A lady from Moana Hou drove here and said she went to the airport but did not see me.  This was somewhat odd, given that I was the only Asian tourist at the airport at that time.  Whatever the case, we were driven to the hotel (room cost XCF 9,500, abt US$95) by the sea.  Pretty spot where we could see two green islets offshore, with a sandbar with coconut trees in between – what a classic  magery of a tropical island paradise. The sea was a shade of purple, followed by light and dark deep blue in the far horizon.  The receptionist could only spoke basic English and she asked us to wait for Cherrie, a New Zealander with family links with the island.


Cherie, who has been living in Wallis the past 2 years teaching English, stayed for a short while to help us with translation.  The hotel internet was down.  The downtown cybercafé might be closed today and tomorrow for holidays but would cost US$7 to US$10 if it was open. In fact, most shops and many eating places (of which they aren’t many) would be closed the next two days, for the island was celebrating the feast day of St Pierre and St Peter. 


We wanted to rent a car and were initially told that the car could not be rented the next day for it was a public holiday.  We then explained that we wanted to rent for 2 days and would return only on Wed, so there was no need to return the car tomorrow when the agency was closed.  This satisfied them and so we agreed on a US$50 a day deal for 2 days. 


We were shown the car – what a wreck it was! A much battered Citroën that should have gone into the junkyard years ago.  It looked as though it had gone through a gun battle.  Its back window had a crack across it; paint was peeling off and dents everywhere.  No sensible chap would have taken it over if not for the fact that the sign-over form was a simple one-pager for one to fill in the name and carries no terms and conclusions (which could mean either having no terms and conditions, or god forbid, any T&C the lessor might demand).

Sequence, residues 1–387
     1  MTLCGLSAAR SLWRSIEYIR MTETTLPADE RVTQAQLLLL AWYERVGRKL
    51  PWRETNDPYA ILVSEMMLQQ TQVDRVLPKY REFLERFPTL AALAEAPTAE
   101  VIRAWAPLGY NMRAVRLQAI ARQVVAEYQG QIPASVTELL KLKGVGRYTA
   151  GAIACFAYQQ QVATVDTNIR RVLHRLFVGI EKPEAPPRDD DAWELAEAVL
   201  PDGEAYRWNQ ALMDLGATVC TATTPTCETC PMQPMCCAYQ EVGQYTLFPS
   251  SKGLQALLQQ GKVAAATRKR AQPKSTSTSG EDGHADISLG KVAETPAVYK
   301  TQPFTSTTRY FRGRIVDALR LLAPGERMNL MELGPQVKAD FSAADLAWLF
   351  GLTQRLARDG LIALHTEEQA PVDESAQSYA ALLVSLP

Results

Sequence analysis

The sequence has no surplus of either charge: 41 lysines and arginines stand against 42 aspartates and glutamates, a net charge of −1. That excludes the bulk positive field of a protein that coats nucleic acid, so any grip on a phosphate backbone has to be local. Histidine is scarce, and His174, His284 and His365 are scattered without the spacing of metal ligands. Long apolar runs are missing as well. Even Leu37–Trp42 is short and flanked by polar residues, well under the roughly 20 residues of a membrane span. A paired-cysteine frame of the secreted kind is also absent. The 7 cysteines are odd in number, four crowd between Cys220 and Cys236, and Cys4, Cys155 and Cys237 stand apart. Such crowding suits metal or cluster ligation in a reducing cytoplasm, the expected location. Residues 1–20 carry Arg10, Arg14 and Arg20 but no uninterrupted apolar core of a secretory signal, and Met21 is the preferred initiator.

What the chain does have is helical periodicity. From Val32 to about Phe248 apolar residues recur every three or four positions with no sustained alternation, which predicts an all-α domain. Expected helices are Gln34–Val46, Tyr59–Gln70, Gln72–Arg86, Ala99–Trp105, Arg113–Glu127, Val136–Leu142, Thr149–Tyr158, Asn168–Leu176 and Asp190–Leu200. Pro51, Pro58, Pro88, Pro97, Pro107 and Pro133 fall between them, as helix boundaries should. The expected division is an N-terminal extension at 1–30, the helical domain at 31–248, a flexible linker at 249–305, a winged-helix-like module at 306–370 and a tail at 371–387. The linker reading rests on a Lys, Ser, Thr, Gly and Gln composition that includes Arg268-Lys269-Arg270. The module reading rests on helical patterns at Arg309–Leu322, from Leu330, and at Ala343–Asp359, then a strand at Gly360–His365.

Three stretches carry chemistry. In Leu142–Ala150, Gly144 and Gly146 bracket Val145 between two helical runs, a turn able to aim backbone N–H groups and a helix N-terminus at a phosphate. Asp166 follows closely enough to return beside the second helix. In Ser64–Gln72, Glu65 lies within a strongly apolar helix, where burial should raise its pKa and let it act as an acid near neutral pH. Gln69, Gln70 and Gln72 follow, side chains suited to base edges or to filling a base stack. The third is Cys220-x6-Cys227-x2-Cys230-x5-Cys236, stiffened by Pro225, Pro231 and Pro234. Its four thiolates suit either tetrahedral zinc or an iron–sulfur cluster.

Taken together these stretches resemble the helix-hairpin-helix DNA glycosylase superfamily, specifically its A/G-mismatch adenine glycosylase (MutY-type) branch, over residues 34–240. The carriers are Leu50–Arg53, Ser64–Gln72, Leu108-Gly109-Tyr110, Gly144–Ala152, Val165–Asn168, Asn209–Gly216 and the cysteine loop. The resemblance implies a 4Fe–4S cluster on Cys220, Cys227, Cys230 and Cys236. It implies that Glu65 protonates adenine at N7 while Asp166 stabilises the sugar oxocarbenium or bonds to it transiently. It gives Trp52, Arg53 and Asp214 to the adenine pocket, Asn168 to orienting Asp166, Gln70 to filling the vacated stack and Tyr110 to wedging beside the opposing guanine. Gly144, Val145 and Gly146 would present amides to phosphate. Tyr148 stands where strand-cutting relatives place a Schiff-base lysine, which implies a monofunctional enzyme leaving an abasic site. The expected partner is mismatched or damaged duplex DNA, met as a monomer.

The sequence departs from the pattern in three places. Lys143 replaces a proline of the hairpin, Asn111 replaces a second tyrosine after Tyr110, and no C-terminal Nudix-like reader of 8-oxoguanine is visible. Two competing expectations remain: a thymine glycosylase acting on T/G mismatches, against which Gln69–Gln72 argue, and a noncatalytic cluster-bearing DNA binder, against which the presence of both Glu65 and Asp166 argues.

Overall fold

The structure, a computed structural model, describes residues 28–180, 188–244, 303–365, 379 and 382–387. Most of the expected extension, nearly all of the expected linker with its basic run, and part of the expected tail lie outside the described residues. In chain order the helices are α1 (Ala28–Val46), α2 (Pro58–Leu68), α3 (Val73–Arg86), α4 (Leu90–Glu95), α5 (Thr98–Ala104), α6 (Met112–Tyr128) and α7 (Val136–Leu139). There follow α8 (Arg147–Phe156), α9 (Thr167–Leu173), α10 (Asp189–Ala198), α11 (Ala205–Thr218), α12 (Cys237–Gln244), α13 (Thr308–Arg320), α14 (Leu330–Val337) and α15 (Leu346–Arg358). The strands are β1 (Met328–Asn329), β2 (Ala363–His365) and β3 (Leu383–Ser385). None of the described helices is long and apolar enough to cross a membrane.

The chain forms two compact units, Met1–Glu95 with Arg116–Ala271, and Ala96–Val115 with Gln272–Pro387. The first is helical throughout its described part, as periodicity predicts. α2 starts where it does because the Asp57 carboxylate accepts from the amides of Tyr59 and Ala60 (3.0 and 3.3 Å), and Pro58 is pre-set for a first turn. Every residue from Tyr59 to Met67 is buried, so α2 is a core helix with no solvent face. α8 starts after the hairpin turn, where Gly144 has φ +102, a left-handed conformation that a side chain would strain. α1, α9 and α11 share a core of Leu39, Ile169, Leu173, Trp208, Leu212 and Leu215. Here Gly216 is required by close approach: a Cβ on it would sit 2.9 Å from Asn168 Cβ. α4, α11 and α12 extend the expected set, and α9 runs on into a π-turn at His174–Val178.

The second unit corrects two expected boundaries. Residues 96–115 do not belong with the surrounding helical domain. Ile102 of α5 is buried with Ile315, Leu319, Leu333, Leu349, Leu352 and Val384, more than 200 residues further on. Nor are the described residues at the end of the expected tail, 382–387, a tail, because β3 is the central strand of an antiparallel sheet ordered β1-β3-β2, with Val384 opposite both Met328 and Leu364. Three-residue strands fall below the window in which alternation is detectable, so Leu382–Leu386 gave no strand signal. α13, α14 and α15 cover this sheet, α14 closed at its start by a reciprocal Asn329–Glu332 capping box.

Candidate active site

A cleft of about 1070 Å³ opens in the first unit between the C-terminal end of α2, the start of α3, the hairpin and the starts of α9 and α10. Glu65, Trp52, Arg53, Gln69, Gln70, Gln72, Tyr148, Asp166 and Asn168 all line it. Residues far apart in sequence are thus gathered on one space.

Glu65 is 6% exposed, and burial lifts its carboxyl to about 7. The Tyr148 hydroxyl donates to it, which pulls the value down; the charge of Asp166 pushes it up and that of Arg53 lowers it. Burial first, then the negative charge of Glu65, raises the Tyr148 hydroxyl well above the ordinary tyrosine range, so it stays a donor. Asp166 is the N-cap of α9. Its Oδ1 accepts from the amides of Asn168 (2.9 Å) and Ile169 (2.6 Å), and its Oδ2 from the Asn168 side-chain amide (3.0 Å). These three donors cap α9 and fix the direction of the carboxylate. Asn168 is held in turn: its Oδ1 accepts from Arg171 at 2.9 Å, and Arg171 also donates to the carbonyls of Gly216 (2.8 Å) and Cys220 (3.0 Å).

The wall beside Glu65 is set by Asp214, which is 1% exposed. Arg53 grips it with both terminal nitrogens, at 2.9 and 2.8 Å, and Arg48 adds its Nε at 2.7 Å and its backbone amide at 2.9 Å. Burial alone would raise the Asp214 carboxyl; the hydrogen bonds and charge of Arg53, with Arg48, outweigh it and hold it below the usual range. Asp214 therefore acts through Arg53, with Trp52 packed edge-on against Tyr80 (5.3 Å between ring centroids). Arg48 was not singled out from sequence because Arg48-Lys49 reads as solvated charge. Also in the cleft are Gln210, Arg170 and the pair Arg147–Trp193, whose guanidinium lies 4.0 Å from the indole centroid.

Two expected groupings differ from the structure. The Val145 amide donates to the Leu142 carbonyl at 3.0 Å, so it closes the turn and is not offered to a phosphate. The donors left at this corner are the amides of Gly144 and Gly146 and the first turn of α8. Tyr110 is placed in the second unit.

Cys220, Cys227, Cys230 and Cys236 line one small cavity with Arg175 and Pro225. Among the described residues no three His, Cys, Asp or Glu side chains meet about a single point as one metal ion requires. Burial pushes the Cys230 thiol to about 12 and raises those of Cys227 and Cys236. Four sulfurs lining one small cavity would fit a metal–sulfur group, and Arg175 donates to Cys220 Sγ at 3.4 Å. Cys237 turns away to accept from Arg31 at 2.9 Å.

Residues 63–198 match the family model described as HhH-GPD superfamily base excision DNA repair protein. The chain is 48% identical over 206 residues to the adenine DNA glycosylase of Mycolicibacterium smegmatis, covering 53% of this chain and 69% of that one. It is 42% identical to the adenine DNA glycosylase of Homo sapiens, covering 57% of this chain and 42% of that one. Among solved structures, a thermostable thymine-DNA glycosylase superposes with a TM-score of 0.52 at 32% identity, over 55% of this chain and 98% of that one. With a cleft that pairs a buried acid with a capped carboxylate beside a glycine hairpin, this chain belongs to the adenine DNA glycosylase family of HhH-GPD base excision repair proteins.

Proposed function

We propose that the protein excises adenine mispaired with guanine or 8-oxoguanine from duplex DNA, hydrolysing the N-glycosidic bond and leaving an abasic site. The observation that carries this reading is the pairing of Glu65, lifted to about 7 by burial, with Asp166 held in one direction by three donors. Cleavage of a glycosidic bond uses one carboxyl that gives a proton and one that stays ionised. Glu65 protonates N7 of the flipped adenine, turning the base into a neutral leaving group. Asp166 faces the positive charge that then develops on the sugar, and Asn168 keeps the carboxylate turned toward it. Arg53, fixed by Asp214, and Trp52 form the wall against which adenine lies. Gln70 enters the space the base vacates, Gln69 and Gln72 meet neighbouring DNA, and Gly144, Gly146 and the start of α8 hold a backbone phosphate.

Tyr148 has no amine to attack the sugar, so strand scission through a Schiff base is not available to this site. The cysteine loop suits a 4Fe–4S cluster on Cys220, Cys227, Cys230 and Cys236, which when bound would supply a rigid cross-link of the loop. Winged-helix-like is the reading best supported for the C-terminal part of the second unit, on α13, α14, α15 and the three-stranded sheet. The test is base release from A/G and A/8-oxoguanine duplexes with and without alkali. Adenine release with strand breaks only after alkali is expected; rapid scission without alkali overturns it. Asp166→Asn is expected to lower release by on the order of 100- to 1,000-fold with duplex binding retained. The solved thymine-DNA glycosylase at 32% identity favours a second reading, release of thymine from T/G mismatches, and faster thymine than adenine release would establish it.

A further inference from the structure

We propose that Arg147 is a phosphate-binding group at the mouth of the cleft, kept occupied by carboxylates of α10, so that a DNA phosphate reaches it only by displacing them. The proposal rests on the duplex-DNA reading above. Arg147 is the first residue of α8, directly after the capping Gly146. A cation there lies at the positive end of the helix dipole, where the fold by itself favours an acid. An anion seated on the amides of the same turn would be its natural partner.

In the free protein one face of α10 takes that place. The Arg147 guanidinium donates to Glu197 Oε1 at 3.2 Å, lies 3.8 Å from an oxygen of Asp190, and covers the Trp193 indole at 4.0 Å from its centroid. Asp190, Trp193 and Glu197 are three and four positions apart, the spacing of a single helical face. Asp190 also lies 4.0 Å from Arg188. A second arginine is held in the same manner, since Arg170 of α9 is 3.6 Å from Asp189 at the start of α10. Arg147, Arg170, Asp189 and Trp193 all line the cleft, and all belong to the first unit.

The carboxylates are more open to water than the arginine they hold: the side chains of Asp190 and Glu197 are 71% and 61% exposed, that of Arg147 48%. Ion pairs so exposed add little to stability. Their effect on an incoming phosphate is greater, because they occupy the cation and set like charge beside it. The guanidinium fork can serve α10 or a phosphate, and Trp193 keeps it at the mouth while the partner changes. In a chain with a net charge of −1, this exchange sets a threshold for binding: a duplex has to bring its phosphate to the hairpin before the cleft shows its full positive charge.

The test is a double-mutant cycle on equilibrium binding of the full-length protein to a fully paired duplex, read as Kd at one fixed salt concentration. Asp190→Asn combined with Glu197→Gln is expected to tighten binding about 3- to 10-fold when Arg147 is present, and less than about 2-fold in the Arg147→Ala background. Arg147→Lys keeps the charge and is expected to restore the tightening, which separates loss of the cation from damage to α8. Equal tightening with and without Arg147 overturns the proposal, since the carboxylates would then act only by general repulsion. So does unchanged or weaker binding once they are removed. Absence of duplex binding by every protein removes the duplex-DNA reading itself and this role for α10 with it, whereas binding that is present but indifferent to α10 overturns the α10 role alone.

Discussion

Anyway, we were assured by the fact that no deposit or credit card numbers needed to be handed over.  Moreover, we were told just to leave the car at the airport when we leave Wallis – just leave the key at the engine starter.  Don’t hide it, okay?  And of course, yes, the car would not be locked.  Welcome to Wallis!  The degree of trust reminded me of Nauru.


We returned to Moana Hou to check out our rooms.  What US$95 rooms!  Almost bare pigeonholes with no toiletries provided. The internet was down and there weren’t any TV.  The air-con in Lee’s room didn’t work and he managed to change rooms only after repeated chasing of the reception. But what choices did we have on a small island with four hotels that cater only to stranded expats and hardly any tourist? 


Worse was to come with dinner.  The menu was rudimentary, with scarcely anything more than US$20 pasta.  What pasta!  Just badly cooked sauce over plain carbohydrates.  No ingredients – not even a few token shrimps for this island in the middle of the ocean.  In fact, the hotel proudly told us they have a young chef from France.  A failed chef from cuisine academy exiled to the South Seas?  It was worse – we met the smiley young man and his girlfriend who worked as the chambermaid at the hotel – we realized that this was no failed chef; but a young man from Marseilles backpacking the world, fell in love with this godforsaken island and decided to stay a few months moonlighting as a chef! 


Lee said he could cook nothing but even he could prepare better pasta.  I finished the plate of pure carbo, for I was concerned there might be nothing tomorrow, given the public holidays.  Elsewhere in the world, public holidays are the best time to make money.  In the French-speaking world that treasures leisure more than work, we might only have Fijian butter cookies for meals instead!


Wallis & Futuna, even though a French possession like New Caledonia, has few immigrants.  In fact, I have not seen any Chinese or Vietnamese in Wallis, although I have found them in almost every French territory I have been to.  Even French citizens might find it difficult to settle here.  Everything is protected for the locals in W&F.  And of course, gastronomically, this meant very bad food.